Friday, December 30, 2011

Top Posts of 2011

Stirrup pants and mullets? I always crack up when I look at my stats and see that my #1 post is always the same, year after year. It has absolutely nothing to do with homeschooling but it gets over twice as many hits as the #2 post.

Apparently, thousands and thousands of people need to know:

1. Fashion of the 1980s. Oh, I have so many other pictures I could add to this. I should probably make a second post.

Almost all the rest of the Top 10 are homeschooling related.

2. Where We Do School. (And removing the Willy Wonka wallpaper is still on my to-do list.)

And close behind, a few of my creative writing lessons:

3. WordSmithery Lesson 2.
4. WordSmithery Lesson 1.
5. WordSmithery Lesson 6.

6. Lapbooking Resources. Definitely not a surprise. I must say this is a pretty good list of ideas for lapbooking!

7. Spaghetti Sauce recipe: Really? Why is this so fascinating? There are probably 1.2 billion such recipes on the internet. Although I must say this one is fabulous.

8. Carnival of Homeschooling (April 2011 edition).

9. Day in the Life in our Homeschool. Like my #2 spot, we homeschoolers always enjoy peering into the lives of others.

10. Carnival of Homeschooling (Oct. 2010 edition).

So those are the most read posts on SmallWorld according to the stats. But my favorites of the year? That list will be coming up soon.

Wednesday, December 28, 2011

Waiting, Arrival, Heroes

These past 6 weeks have had the Twilight Zone air about them, the waiting kind of days. I wrote about The Waiting a few years ago, in the days preceding Randy's grandpa's death. We are waiting in my family now for what will happen next with Uncle Max.

Last Friday, just two days before Christmas, a pilot and a doctor, two old friends of Max's, brought him to us in the pilot's plane. Uncle Max has lived his entire life—90 years— in Mt. Vernon, Illinois. The decision to bring him here to Tennessee was not made lightly. After three strokes and surgery, Uncle Max isn't doing well. He has a huge network of friends there who care greatly for him, but it is his family who has to make decisions—all those medical and financial ones. And hold his hand for hours and try to feed him one tiny spoonful at a time. My parents, who are in their 80s, and two of my brothers had made several trips already to and from Illinois. We made the decision to move Max here to a local long-term care facility, and things fell quickly into place.

I love this picture of my father waiting for the plane. Uncle Max is my mother's older brother, but my Dad and he were roommates at the University of Illinois first. It was on a trip from the university to Mt. Vernon that my father first met Max's younger sister. The story goes that Mom and Dad sat in the backseat and played Battleship (on paper of course, not the board game) all the way home. When my father came into the house, my grandfather said, "That's the man you're going to marry."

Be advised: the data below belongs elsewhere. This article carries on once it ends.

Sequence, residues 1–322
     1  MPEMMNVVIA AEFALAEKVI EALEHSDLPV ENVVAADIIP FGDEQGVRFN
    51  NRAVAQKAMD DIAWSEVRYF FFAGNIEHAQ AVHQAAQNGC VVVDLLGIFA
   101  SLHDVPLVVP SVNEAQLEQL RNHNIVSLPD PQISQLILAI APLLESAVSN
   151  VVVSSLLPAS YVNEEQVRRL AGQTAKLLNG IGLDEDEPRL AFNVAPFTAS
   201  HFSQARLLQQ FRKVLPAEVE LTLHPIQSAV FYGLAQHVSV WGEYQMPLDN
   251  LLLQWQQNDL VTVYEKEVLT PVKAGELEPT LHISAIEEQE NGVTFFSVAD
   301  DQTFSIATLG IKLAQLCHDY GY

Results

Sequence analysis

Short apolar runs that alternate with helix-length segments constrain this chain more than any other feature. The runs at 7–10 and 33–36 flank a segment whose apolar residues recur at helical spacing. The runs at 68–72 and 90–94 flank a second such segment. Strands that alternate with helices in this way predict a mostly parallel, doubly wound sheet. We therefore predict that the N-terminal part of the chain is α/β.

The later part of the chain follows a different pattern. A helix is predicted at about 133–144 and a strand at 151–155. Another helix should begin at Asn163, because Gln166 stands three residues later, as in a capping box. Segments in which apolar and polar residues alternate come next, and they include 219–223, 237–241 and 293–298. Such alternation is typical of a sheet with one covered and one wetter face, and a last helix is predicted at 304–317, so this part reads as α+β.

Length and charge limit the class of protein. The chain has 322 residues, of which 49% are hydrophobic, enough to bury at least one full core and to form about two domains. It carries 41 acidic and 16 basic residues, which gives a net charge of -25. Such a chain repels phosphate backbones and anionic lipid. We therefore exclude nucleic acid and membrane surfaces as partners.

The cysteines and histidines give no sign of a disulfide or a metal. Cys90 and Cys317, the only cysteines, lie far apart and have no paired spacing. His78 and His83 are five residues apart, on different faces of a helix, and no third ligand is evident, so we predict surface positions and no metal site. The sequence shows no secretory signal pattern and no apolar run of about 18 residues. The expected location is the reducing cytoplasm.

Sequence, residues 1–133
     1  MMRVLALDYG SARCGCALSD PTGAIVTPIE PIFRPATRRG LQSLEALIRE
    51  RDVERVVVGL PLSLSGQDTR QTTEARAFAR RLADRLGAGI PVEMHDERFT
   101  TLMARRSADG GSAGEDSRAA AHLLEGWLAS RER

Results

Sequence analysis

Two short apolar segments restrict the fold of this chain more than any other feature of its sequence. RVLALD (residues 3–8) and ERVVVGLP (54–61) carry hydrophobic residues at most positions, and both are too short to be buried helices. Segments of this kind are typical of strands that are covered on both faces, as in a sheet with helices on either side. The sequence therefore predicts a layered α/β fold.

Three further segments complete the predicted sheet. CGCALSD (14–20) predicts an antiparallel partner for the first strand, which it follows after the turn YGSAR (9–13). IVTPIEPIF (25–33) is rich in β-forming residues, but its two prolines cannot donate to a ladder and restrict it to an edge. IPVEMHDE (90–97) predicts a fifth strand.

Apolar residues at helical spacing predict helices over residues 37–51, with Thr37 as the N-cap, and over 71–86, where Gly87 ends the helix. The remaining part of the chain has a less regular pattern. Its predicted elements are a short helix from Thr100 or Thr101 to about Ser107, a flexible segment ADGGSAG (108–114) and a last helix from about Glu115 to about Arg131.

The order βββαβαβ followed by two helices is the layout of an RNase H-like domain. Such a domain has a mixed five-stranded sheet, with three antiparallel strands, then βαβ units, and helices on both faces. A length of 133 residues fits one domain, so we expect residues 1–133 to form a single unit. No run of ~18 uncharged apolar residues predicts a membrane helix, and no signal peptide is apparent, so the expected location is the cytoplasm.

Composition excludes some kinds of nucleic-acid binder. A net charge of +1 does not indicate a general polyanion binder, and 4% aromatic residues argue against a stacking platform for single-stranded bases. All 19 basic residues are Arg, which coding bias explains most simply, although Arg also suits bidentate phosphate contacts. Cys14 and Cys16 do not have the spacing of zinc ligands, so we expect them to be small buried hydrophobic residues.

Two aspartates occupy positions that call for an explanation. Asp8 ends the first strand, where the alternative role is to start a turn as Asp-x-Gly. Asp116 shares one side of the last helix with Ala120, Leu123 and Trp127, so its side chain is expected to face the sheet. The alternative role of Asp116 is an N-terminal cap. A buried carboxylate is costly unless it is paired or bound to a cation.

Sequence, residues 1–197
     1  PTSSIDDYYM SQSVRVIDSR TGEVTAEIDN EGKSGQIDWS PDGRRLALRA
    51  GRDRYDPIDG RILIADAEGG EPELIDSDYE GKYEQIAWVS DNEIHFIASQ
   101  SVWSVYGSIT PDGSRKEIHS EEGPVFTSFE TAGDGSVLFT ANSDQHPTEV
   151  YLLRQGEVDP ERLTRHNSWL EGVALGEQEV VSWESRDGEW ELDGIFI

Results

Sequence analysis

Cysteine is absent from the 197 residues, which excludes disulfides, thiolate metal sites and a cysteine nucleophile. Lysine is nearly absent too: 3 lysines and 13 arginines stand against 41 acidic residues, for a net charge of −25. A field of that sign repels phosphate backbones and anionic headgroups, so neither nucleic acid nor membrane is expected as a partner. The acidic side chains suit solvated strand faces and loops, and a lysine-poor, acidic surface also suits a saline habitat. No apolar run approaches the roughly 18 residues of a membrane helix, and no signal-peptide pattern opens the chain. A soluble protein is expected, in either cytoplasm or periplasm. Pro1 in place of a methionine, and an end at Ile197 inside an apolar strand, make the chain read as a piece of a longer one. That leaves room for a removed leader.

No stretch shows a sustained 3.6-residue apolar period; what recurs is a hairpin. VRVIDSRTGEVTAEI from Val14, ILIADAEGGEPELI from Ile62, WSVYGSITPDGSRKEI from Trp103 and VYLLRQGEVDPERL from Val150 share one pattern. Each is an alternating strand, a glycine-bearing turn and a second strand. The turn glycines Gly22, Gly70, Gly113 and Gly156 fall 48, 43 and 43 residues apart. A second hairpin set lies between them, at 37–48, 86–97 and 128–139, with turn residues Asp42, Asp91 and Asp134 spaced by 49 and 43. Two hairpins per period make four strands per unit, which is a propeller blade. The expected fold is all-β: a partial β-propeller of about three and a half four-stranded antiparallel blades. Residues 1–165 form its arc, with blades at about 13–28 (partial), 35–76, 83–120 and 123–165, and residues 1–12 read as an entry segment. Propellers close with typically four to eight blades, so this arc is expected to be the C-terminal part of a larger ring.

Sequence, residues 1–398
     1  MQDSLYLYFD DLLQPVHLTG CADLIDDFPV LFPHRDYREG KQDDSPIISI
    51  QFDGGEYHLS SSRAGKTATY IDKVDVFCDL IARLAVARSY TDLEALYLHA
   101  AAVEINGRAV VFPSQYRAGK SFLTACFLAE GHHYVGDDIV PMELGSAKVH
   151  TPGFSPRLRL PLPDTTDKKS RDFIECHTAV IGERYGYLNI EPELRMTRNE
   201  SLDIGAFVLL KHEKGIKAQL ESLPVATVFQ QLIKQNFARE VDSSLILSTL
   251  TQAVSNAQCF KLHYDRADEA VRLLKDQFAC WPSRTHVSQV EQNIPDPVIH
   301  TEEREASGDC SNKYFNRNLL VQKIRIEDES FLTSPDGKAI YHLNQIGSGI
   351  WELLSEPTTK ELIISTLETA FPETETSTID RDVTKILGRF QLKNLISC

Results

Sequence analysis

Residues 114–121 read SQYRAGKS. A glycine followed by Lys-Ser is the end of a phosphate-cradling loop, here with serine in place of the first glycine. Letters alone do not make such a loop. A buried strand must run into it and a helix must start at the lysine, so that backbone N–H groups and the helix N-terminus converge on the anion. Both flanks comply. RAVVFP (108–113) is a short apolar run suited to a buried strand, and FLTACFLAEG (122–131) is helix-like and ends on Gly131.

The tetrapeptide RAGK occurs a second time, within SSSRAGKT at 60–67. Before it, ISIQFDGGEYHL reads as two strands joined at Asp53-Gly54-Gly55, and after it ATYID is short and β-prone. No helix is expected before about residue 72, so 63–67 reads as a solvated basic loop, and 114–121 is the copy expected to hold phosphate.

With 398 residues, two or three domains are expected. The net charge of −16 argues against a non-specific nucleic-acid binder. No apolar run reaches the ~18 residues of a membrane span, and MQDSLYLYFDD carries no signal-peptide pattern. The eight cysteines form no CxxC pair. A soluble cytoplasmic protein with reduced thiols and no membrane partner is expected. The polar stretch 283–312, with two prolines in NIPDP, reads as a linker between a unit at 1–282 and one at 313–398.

But this is about Uncle Max. Except that Uncle Max is part of them, part of us. Although we had dozens (literally) of great-aunts and -uncles, my brothers and I had only 3 "real" ones: my mother's brothers Henry and Max, and my father's sister, Ann. Uncle Henry died many years ago; Aunt Ann passed away just this August; and now there is just Uncle Max. He's the one, though, that has been the biggest part of our family. He is ours, and we have been his.

I love this picture because in it are two of the Greatest Generation: my father and my uncle, both World War 2 vets. My uncle was actually a D-Day pilot, flying Operation Overlord in June 1944: Utah, Omaha, Gold, June, and Sword Beaches. My father came to Europe three months later, 18 years old. And now here they are, 65 years later. It breaks my heart but fills me with unspeakable pride. And gratefulness.

Tuesday, December 27, 2011

Great Room Redo, continued

I'm still in the midst of the great room redo, but I am getting closer and it's only been one month! The biggest part of the job is done: the walls, trim, door, and cabinets are painted. Yesterday I finished the desk, which is going to be my sewing table.

Here's what it looked like before:

It's a really sturdy lab table that Randy rescued when his lab was renovated. The height is perfect for me, but obviously it was a wreck after being an art table for awhile and then Duncan's desk.

And here it is now!

I gave it 2 coats of off-white paint (the same color as the trim) and 3 coats of Minwax polycrylic protective finish, which apparently will not yellow on white paint. The "S" just seemed like the right thing to do. I had to use wrapping paper from Hobby Lobby because scrapbooking paper wasn't big enough, and I didn't want to line up two pieces. I'm too impatient for that. (Plus, now I have a whole roll of cool wrapping paper.)

I found this site on Pinterest for all kinds of letters. Mine didn't come out quite like I envisioned it, but I'm happy enough. I decoupaged on the "S" before I put on the polycrylic. Because I am lazy and like instant gratification, I didn't smooth it out as well as I should have so it's kind of wrinkled. I picked out the photo that didn't show the wrinkles, but I do feel the need to confess my crafty inadequacies (which are many).

The whole project cost about $5 for the wrapping paper (I forgot to bring my 40% off coupon) and $4 for the Minwax. Everything else I already had (Modge Podge, paint, the desk itself). And I have plenty of wrapping paper and Minwax left over for other projects.

Now that the desk is done, I can start sewing curtains for both the window and then cabinets. Here's what they looked like before:

Stay tuned to see what they'll look like next week!

Linked up with Craftastic Monday at Sew Can Do